This should piss off a lot of journalists — Jim Cramer says, “fire them all.”
Here’s a rough transcription of Cramer’s interview (I didn’t try to capture every word or the questions, but I’m confident this is very accurate for what it does capture):
Advertisers want a certain cohort â€“ 18 to 35. That cohort has stopped reading newspapers.
Whatâ€™s happen is advertisers canâ€™t reach who they want (though newspapers).
People running news organizations who tend to be in their 40s, 50s and 60s, continue to make deals without recognizing the tremendous demographic shift away from newspapers.
They keep thinking that if they change content, if they become more forward in their content, but this has directly to do with itâ€™s not the means that people get information anymore. Newspapers are very typewriter versus word processor.
Theyâ€™re not businesses. Theyâ€™re not businesses. Theyâ€™re not businesses. A business is something that grows and throws off cash flow. When a business shrinks and has diminishing cash flow itâ€™s not a business.
I think that GM is a declining business, but we accept the fact that GM is a business.
I think what they have to do is fire everyone. Now thereâ€™s a sense that there is some shred of journalism at these places. So the New York Times has a $500 million newsroom, so maybe you cut that to $100 million. You fire a lot of people.
When youâ€™re in trouble, what you do if your Bethlehem Steel, you have 100,000 people, you cut it down to 10,000, because what you want to do is get ahead of it on the expense side.
These guys donâ€™t know how to grow the rev. Now the thing the business guys, the CFOs, will realize is that this journalism stuff is just crap. We donâ€™t need it. Itâ€™s obvious that itâ€™s costing a lot of money, but what they donâ€™t recognize is that the only reason theyâ€™re read is because of journalism, but journalism is the most expendable part of their businesses, so they have to cut it out.
Who cares (what it means to the 4th Estate). Itâ€™s just another business. You can do it on the web. Look, Iâ€™m very accepting of the world and this is Wall Street Confidential. Am I at the American Society of Magazines where I say, â€œwoe is meâ€?? No. I could give a, Iâ€™m trying to make people money. I need them out of Gannett and get them out of the New York Times. I love journalism dearly, so what?
Cramer’s contradictions above should be self evident (it’s not a business, but is a business; people read papers because of the journalism, but it’s the most expendable part of newspapers, etc.).
News is not a product like steel, where if you start selling less, you start producing less. You can’t produce less news and expect to make more money. You might save money, but there is always a point of diminishing returns. Somehow, I don’t think the New York Times would survive as a shopper (I mean, if you cut all the journalists, what do you have left but a bunch of ads?)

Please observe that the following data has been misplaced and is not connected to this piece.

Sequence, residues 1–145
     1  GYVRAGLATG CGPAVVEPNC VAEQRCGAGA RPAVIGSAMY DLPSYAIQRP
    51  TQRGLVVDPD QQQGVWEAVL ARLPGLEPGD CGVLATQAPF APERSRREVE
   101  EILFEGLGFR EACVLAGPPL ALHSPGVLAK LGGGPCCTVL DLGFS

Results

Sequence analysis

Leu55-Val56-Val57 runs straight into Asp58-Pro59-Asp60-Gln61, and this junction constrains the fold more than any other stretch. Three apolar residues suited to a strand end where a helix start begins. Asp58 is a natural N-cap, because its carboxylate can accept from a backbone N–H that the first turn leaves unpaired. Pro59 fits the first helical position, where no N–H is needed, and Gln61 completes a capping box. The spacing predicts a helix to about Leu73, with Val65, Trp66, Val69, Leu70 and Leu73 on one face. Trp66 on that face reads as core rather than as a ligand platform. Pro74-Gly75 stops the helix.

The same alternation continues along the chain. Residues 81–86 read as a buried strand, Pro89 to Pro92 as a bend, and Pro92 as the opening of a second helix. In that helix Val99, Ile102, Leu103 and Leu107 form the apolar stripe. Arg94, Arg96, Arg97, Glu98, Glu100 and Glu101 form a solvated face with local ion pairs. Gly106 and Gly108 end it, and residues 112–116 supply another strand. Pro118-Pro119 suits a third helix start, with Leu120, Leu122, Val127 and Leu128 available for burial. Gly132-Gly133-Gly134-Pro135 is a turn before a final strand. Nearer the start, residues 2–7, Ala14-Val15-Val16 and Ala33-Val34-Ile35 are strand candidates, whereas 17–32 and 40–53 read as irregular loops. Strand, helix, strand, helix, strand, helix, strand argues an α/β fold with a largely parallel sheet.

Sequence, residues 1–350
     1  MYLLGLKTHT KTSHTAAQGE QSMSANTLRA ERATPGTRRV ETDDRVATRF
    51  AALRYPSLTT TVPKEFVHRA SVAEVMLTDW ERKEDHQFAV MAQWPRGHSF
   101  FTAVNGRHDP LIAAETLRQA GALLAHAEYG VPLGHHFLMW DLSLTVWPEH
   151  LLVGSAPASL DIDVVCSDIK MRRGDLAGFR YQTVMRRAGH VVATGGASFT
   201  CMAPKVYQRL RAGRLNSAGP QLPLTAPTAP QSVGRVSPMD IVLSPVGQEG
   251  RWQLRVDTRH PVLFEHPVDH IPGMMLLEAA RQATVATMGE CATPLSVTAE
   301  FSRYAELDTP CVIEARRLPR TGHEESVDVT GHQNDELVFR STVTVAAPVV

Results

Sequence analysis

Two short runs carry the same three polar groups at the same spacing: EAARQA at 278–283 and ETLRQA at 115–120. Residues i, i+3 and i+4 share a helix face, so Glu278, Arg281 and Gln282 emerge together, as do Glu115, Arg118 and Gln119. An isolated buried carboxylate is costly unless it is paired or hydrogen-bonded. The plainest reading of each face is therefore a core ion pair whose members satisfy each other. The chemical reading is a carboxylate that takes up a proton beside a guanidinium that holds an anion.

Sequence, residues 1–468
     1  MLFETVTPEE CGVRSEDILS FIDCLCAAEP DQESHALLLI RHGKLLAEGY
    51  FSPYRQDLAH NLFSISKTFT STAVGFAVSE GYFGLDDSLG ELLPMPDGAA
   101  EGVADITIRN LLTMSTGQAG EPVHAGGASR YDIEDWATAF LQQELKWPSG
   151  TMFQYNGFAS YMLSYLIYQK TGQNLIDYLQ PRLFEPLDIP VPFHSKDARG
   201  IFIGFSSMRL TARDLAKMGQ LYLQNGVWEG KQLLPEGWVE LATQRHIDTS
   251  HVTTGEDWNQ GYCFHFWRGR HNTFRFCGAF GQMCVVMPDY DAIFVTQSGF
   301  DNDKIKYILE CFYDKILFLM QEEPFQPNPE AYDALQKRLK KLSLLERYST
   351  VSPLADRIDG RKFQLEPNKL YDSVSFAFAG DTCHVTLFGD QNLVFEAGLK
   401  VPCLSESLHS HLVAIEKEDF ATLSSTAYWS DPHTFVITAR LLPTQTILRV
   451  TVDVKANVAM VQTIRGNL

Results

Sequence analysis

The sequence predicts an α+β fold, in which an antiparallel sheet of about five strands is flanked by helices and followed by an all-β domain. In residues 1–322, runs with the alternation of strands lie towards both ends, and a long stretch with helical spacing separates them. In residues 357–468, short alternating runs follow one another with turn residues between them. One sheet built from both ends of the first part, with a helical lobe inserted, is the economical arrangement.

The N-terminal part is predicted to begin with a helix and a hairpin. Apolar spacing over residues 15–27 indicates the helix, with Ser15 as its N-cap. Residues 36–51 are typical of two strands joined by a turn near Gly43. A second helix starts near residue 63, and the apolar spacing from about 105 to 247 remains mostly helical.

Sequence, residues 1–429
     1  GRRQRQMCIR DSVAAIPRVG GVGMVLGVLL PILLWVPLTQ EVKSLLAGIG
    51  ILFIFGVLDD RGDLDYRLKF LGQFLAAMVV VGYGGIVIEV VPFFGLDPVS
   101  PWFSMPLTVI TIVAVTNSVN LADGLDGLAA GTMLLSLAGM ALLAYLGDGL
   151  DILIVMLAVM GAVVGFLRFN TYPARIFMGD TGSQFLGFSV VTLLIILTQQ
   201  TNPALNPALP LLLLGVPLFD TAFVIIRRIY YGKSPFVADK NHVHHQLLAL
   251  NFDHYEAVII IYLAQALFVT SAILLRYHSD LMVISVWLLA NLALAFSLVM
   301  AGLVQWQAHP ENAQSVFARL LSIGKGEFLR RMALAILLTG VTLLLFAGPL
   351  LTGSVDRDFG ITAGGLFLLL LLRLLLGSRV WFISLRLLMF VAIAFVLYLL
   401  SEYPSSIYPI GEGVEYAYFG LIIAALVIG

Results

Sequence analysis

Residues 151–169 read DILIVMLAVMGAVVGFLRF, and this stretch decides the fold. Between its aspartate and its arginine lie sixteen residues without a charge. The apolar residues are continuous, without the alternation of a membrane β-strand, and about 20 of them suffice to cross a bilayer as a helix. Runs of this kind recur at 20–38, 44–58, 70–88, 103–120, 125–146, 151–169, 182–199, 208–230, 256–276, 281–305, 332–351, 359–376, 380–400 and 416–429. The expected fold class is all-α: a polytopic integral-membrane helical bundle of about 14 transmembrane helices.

Clearly, Cramer hasn’t thought deeply about this issue or kept abreast of industry trends. The situation is far more fluid and dynamic than his facile analysis suggests, and his prescription is hardly a cure for what ails the industry. His short term thinking is the caricature of the ugly American investor. It’s not, I don’t think, the thinking of a calculated investor, who is looking at long term prospects. Unfortunately, as we’ve discussed before, the newspaper industry hasn’t done a good job over the past decade of articulating a long-range plan.
Journalism costs aren’t hurting newspapers.
Which costs are?:
1. Marketing to drive paid circulation
4. (In some cases) overloaded with management.
I’m not suggesting anyone stop printing. But that’s the kind of cost you cut back when you’re selling less steel.
What if you increased news spend, and reduced the 4 categories above? What would happen?
Ironically, today news is hitting from all over E.W. Scripps (my former employer) that older newspaper employees are being offered buy outs. It’s sad news for my friends, for Scripps and for the newspaper industry.
Add this to the list of reasons why you should Pay No Attention to That Crazy Man on TV.
The well-credentialed financial professional (and former newspaper reporter!) described in Cramer’s CNBC bio little resembles the sound-effect-button-mashing, slogan-shouting madman on television.
William, good links. Thanks.
[…] The former newspaper reporter really has it in for both the newspaper biz and, it appears, all of journalism in general: “Now the thing the business guys, the CFOs, will realize is that this journalism stuff is just crap. We don’t need it. It’s obvious that it’s costing a lot of money, but what they don’t recognize is that the only reason they’re read is because of journalism, but journalism is the most expendable part of their businesses, so they have to cut it out.” […]